The prevalence of NEC is estimated at around 12% of infants born weighing less than 1500g and out of those 30% will not survive. NEC is observed primarily in premature infants although 10% of those affected are infants born at full term or near term. The incidence is inversely proportional to birth weight and gestational age with more common in infants of younger gestational age [8]. According to Neu and Walker, NEC does not occur until at least 8-10 days postpartum. The total annual estimated cost of caring for NEC affected infants in the United States is between $500 million to 1 billion [4].

Published reports suggest that bacteria play a major role in the pathogenesis of NEC. Following this lead, probiotics have been introduced as a therapy although outcomes of such treatment are inconclusive. Populations used, sample sizes and the type of microorganisms investigated have been too wide-ranging to make reliable conclusions [9]. A meta-analysis conducted by Aceti et al. [10], shows promising results though future studies need to be designed with much emphasis on selecting the most effective probiotic products, proper dosages, and duration of supplementation. Most importantly, the studies need to be aimed at high-risk populations such as extremely low birth weight and intra uterine growth-restricted infants [10].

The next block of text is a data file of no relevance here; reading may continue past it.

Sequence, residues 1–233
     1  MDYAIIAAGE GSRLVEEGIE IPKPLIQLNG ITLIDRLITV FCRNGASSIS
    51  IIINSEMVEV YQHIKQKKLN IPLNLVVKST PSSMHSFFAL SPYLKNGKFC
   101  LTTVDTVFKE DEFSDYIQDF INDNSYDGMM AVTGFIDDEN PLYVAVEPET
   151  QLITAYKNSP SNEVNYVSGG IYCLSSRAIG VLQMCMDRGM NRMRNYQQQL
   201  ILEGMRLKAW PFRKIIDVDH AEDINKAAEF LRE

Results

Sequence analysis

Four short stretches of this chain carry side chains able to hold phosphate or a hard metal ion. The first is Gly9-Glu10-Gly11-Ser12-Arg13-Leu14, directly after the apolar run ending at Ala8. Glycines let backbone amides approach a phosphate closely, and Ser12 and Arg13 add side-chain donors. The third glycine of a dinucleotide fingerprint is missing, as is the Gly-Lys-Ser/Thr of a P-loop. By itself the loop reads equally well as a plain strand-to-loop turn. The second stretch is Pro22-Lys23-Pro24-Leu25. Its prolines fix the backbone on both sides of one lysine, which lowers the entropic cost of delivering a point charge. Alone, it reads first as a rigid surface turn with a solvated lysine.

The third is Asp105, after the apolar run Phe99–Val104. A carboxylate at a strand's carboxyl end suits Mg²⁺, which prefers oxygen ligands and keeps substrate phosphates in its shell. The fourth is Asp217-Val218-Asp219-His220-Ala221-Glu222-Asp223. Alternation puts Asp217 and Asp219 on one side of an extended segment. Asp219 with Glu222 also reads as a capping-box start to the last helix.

Bacterial colonization in the gut plays a pivotal role in development of the gut immune system. Evaluating fecal samples obtained from infants before and after episodes of NEC has shown unusual intestinal bacterial species and an overall reduction in the diversity of intestinal microbiota [4]. According to Nanthakumar, pathogenesis of NEC is associated with an excessive inflammatory IL-8 response. Toll like receptors play a key role in the innate immune system and it is reported that TLR-4 signaling is associated with intestinal inflammation, and high TLR-4 expression is seen with human NEC [11]. According to Chu, et al. [12] elevated levels of serum amyloid A (SAA), anaphylatoxin (C5a), urinary intestinal fatty acid binding protein (I-FABP), Claudin-3, stool plate activating factor (PAF), and calprotectin are associated with clinical symptoms of NEC. Also, a decreased plasma concentration of inter-α-inhibitory protein (Ialp) appears to be a reliable marker for the diagnosis. Numerous inflammatory markers have been suggested and tested though none is conclusive.

As stated, many different approaches have been suggested and have been used to prevent NEC though the outcomes have been inconclusive. To date, no specific strategy has proven successful in preventing NEC, except, feeding human milk as the exclusive diet of premature infants has shown a reduction [13,14]. Other preventative strategies usually have included enteral antibiotics, withholding enteral feedings, administering pre- and probiotic agents, administering different growth factors, anticytokines and glucocorticoids [4].